CHAIR —I will just take you to the submission, then. There is some really good quality information in there. Thank you for that. As an early rollout you state that you are looking at some videoconferencing services that would be engaged with by council. Can you give us an idea of what council is looking at developing in that area and what you would be targeting with that?

Mr Hayward —Certainly, there is a number of facets we are looking at there. One is just in terms of council’s operations as to how it does its internal functions. Because we have a number of remote locations not everything is done from one central office. Why do we have to get into cars to travel between offices to have meetings? That is just unproductive. We need to be able to connect better in council and our operations within council.

Also, in terms of the community interacting with council, and I think that is probably where one of the keys is. If you have an engaged community you probably have a more informed community, and telecommunications is one means to achieve that. Possibly things like having a mayoral blog. Obviously there are contentious issues out there and councils face contentious issues all the time.

CHAIR —Is that the case?

Mr Hayward —I do not think we are unique in that regard. It would enable the elected officials to explain the reasoning behind why they made a decision. You read about them in the newspapers. However, unfortunately the newspapers sometimes put a perspective on them that may not necessarily accord with the intent of the decision. I think that is an opportunity to hear from the horse’s mouth why a decision was made and that video facility would give us an opportunity to do that. Also with things like development approvals, why does a developer have to come to council to talk through a development application? Can they not just do it from their office, and that video facility—

CHAIR —One of the things that has been raised with us—it was actually raised in the context of education, but it would seem to apply to council too—is that one of the great challenges with videoconferencing in existing infrastructure is that you often also want to jointly look at documents at the same time and it is that combination of the videoconference with the quality document sharing. I imagine in something like DA negotiations, planning issues, that would be useful?

Mr Hayward —It would be an extremely useful opportunity for developers to actually engage in real-time with the documents in front of them from their offices. That is a more productive use of their time and a more productive use of our time, so that you can share information in real time and get real-time decisions.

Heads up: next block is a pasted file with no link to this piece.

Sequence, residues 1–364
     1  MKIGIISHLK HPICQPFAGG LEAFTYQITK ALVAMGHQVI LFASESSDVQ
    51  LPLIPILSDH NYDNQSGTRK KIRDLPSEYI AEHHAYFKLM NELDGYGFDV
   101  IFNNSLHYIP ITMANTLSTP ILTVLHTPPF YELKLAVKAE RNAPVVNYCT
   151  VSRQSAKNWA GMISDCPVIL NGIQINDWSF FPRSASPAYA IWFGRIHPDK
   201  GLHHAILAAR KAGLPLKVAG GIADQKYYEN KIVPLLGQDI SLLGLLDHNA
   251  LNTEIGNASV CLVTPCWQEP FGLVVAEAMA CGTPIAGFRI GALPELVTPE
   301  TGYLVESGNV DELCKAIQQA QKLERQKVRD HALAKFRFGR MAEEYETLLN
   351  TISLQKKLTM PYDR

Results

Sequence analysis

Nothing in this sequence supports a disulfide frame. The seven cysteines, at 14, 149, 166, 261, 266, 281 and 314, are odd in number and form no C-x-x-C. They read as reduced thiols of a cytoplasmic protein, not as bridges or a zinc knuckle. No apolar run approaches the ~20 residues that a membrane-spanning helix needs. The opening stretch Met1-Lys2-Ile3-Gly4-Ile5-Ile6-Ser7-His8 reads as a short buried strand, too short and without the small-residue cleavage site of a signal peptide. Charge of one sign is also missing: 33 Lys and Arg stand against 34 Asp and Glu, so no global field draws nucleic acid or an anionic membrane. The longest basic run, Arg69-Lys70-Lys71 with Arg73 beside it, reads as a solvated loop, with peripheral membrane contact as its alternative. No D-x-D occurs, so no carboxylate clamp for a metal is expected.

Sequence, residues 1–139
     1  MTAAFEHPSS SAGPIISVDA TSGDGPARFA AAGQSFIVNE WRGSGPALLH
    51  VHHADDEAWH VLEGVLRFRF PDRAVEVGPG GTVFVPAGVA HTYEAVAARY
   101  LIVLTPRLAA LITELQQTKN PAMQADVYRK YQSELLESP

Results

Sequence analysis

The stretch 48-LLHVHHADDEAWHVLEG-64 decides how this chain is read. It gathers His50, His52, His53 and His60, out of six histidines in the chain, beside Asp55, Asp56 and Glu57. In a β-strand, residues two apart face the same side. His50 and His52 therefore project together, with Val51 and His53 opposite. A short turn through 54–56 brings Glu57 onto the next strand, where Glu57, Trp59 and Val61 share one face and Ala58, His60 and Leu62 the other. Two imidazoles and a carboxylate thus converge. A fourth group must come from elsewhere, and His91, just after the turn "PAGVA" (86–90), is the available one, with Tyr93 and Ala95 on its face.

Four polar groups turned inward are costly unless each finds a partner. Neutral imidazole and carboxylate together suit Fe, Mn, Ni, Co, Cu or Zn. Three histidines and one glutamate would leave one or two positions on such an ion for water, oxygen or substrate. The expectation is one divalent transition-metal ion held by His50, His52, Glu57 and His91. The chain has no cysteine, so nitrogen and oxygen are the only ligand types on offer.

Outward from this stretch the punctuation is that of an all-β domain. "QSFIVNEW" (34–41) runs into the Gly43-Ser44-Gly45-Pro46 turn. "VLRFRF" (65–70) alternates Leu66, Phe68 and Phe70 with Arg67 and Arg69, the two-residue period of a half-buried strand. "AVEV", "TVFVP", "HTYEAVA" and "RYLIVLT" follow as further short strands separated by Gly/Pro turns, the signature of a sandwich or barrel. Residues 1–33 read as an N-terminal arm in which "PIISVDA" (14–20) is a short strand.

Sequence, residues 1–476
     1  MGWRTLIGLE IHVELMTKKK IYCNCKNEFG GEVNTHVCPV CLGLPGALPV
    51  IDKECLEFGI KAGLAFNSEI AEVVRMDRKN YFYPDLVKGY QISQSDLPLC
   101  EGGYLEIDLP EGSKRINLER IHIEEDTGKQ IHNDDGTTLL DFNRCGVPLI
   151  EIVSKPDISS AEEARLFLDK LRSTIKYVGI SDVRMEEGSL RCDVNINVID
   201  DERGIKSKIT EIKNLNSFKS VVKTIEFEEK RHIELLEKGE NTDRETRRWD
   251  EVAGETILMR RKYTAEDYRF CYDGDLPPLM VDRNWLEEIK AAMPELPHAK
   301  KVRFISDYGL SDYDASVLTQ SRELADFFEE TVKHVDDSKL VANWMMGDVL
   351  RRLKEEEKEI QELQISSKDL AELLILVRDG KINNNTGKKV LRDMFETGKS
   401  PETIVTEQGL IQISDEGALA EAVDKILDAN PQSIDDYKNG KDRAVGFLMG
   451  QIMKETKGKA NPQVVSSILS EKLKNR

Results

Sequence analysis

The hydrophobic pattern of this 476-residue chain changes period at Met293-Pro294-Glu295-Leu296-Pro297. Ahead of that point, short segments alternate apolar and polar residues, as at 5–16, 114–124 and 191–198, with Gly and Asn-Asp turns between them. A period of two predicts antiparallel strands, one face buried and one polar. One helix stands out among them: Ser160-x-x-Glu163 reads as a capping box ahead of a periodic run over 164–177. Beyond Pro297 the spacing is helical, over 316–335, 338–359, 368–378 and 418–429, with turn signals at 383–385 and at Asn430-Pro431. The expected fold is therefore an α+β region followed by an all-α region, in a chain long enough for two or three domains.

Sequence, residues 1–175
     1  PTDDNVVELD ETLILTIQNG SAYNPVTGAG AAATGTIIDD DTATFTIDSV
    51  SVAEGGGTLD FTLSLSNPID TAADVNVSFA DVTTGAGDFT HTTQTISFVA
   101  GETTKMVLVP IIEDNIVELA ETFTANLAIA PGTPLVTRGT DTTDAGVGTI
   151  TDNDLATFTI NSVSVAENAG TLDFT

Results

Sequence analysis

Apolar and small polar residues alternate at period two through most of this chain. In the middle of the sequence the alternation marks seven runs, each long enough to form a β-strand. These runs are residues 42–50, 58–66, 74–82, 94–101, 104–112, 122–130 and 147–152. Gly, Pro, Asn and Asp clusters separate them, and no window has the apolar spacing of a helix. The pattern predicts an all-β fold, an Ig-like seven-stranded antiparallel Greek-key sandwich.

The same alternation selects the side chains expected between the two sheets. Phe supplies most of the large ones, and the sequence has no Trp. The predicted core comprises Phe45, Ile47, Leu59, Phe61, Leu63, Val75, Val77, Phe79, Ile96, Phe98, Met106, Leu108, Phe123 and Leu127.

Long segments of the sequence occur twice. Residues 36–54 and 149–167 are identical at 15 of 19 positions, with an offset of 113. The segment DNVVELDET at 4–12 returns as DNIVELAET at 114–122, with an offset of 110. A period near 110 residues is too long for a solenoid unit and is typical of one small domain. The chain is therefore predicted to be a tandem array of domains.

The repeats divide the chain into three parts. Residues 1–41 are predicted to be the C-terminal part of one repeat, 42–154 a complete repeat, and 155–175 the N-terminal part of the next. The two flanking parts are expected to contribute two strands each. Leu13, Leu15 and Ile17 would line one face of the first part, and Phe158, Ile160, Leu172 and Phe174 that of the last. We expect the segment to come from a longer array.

CHAIR —Plus I imagine they would have their experts on hand.

Mr Hayward —Exactly.

CHAIR —Rather than try to take a whole team in they could just call people up?

Mr Hayward —Exactly, and you can deal with the issue as and when it arises rather than having to come back and forward and back and forward, and that will just add speed to the approvals process and make it a more efficient process for us all.

CHAIR —These are things that council is working on now?

Mr Hayward —It is looking to work on them. Obviously these things cost resources, and the NBN has probably been a facilitator of our thinking in that regard. Had the network not come to town or had it been further down the track; obviously the size of documents you can put down the network is the key.

CHAIR —Is it driving the changes for the way you—

Mr Hayward —It is driving the changes. It has caused us to have a think about how we do business and possibly to be more innovative in how we actually engage with the community around that.

CHAIR —That is really good. You make some points around developing a digital economy strategy. Can you give us a bit of a picture of what you plan to do with that and where you are up to with that?

Mr Hayward —It is looking to commence on 1 July, obviously in next year’s budget. The announcement of the first rollout of the NBN caught us by surprise. We were not prepared for it. It has been a matter of catch up, catch up, catch up for us. Part of that process—

CHAIR —It is useful for us to hear this, because part of what we have to go back to government and say as this rolls out is that these are the lessons of the test sites. Your feedback on what would have been good preparation and what you have now had to do is very useful.

Mr Hayward —Certainly it is one thing I am talking to other councils about and when we talk to each other about these types of issues it is to tell them to be prepared. As I said, we have done some lobbying obviously, but the first we heard as a council that we were a first release site was the press release. That did catch us by surprise. As a result of that, we have had to change how we do some of our internal operations, reallocate resources to actually take advantage of the opportunity that presents itself.

CHAIR —Can you tell us about what you are doing with that?